Open retropubic prostatectomy for large prostates (Millin Surgery): Why not? It is safe! It is rapid! Complications are few and the learning curve is short!

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Vol. 42 (4): 635-636, July – August, 2016

doi: 10.1590/S1677-5538.IBJU.2016.04.01


EDITORIAL In this issue

 Luciano A. Favorito 1-3

1 Professor Associado da Unidade de Pesquisa Urogenital da Universidade do Estado de Rio de Janeiro, RJ, Brasil; 2 Urologista do Hospital da Lagoa Federal,Rio de Janeiro RJ, Brasil; 3 Editor Associado do International Braz J Urol, RJ, Brasil


 

The July-August 2016 issue of the International Braz J Urol presents original contributions with a lot of interesting papers in different fields: Urinary Incontinence, Pyelonephritis, Bladder Cancer, BPH, Prostate Cancer, Renal stones, Renal Cell Carcinoma, Uroginecology, Pediatric Urology and basic research. The papers come from many different countries such as Brazil, USA, Turkey, Italy, Israel, India, China, Iran, Thailand, Egypt, Korea and Colombia, and as usual the editor’s comment highlights some papers.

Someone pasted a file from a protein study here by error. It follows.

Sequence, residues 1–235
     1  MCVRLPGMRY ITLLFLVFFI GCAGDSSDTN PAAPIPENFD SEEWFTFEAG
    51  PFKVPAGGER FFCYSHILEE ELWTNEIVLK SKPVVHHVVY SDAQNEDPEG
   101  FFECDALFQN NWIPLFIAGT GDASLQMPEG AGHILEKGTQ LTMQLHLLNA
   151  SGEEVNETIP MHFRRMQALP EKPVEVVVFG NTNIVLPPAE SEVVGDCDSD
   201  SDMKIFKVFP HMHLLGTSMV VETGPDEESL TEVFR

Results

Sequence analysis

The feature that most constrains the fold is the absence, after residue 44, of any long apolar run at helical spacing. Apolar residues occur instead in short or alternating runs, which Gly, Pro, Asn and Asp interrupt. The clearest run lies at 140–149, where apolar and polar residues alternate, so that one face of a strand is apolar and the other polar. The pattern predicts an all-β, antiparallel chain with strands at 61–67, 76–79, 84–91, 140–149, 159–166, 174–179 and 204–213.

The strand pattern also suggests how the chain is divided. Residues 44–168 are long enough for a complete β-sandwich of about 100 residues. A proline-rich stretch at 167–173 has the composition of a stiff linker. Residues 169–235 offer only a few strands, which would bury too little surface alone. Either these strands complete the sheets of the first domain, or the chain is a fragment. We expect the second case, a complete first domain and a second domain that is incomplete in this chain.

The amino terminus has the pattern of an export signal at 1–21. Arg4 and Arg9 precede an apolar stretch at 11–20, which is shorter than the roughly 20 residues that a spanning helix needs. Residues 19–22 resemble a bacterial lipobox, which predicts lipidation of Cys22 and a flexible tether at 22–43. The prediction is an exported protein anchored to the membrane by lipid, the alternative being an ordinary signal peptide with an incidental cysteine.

We decided to comment 3 papers about a very usual topic in urologic practice: Benign Prostatic Hyperplasia.

Doctor Kobayashi and collegues from Japan performed on page 740 an interesting study about the predictive risk factors of postoperative urinary incontinence following holmium laser enucleation (HoLEP). The authors evaluated 127 patients with benign prostatic hyperplasia who underwent HoLEP. The authors observed that a postoperative urinary incontinence (UI) occurred in 31 patients (24.4%), but it cured in 29 patients (93.5%) after a mean duration of 12 weeks. They concluded that longer enucleation time and increased blood loss were independent predictors of postoperative UI in patients who underwent HoLEP during the initial learning period.

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